Tirupati: Hotel industry in doldrums
- Loses turnover worth crores of rupees and thousands of workers go jobless Hoteliers seek one year moratorium on interest payment on loans and one year loan waiver Seek abolition of fixed electricity tariff
- Say that it takes more than two years for the revival of hotel industry In addition, hoteliers need to pay an advance of Rs 50,000 to Rs 2 lakh to cooking masters to keep them with the hotels There are 400 hotels in the pilgrim city of Tirupati
- During normal period, More than 50,000 pilgrims visit Tirupati everyday
Tirupati: The cascading effect of lockdown on the hotel industry was heavy with the volume of loss running into crores of rupees and thousands of workers have gone jobless. Even more worrying factor for the industry was that they fear this imbroglio may take at least two years for the sector to revive completely to reach the previous levels.
In the pilgrim city Tirupati alone, there are more than 400 hotels of all categories in which not less than 10,000 are employed. As the city attracts more than 50,000 pilgrims every day, hotel industry has been flourishing. In addition to the private rooms, hundreds of rooms are being provided by the TTD in its facilities.
According to a hotelier, about one lakh people visit restaurants in the city every day during the normal days of which a minimum of 30 per cent would be locals. Even if each person spends Rs 50 for their breakfast leaving lunch and dinners aside, the figures will tell the entire picture on how the lockdown has affected the turnovers of hotel industry.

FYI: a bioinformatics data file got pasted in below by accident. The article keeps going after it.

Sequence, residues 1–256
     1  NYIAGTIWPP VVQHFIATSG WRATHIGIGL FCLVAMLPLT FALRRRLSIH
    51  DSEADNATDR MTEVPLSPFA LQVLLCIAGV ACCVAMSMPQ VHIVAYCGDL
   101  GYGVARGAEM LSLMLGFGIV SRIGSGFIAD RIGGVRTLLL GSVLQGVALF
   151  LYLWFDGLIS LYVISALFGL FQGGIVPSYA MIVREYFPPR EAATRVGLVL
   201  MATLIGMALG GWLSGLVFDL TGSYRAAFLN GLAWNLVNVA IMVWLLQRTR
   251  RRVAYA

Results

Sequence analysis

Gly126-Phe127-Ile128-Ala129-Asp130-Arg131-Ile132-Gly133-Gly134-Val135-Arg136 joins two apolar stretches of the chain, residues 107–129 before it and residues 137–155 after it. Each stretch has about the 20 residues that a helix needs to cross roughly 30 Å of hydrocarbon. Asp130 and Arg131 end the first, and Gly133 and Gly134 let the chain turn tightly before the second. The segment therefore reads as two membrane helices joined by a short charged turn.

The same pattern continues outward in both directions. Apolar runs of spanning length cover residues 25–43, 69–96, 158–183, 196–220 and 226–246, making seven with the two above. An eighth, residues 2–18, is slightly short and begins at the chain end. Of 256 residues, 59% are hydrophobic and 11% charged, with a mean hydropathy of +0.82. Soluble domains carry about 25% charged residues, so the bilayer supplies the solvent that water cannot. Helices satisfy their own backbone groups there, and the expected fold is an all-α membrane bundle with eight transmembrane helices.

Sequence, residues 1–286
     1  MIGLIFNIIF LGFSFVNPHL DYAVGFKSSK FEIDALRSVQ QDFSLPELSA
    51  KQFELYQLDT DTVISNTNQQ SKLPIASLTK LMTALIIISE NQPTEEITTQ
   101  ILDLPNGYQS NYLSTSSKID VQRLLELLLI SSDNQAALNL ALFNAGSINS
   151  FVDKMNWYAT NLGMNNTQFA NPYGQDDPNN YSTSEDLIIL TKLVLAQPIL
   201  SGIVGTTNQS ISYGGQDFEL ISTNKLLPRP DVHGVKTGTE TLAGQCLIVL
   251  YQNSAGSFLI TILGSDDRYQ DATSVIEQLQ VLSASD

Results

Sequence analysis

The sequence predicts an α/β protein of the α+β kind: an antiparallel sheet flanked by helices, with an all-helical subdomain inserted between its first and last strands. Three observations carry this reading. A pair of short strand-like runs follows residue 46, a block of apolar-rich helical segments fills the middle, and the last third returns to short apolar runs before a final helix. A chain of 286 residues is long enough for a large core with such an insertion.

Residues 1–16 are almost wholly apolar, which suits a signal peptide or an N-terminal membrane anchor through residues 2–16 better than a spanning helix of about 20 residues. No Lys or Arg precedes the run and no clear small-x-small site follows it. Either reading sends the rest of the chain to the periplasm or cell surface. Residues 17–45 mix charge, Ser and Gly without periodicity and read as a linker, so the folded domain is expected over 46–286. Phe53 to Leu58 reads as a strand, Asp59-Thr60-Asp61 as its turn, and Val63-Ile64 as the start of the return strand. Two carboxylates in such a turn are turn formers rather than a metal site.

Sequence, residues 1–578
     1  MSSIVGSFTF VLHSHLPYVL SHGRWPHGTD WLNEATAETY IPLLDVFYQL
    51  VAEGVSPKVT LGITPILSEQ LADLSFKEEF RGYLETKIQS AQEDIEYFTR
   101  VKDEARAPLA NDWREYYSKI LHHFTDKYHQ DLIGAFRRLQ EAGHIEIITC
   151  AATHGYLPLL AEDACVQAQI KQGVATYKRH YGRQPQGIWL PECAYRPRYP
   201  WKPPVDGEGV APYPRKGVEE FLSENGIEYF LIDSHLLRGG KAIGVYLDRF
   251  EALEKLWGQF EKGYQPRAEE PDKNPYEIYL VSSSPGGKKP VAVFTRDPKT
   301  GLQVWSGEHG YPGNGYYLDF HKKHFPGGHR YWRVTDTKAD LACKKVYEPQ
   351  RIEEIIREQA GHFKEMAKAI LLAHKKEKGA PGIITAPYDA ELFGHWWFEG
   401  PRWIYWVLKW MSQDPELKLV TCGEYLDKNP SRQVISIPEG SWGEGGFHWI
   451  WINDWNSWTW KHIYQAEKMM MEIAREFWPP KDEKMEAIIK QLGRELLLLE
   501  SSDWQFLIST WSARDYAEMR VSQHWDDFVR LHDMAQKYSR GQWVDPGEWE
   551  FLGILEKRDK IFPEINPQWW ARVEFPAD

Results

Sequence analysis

"Even after the lockdown restrictions go away, the visitors may travel only when it is inevitable due to various fears," he said. The vice-president of State Hotels Association K V Chowdary has said that the hoteliers were finding it difficult to pay the interests on the loans. Even the moratorium of three months was given it will be a burden as they need to pay at once after that period even if they resume their business.
He said that on behalf of Chamber of Commerce they had represented to the government for interim relief to pay EMIs and taxes. They sought for one year moratorium and one year interest waiver so that the industry can try to revive.
"In addition to this, there are fixed electrical charges which need to pay even if we use them or not. Since we had downed the shutters, we are asking for abolition of fixed electrical charges," he said. Not only hoteliers who lost all their business but the government also lost huge amount of taxes. Many hoteliers give advances ranging from Rs 50,000 to 2 lakh to cooking masters to keep them with the hotels.
These are additional burdens on hotel managements, he explained. The hotel workers are also experiencing miseries. Though, there may not be a much problem for food as TTD has been supplying it, but for other needs they have been looking for helping hands.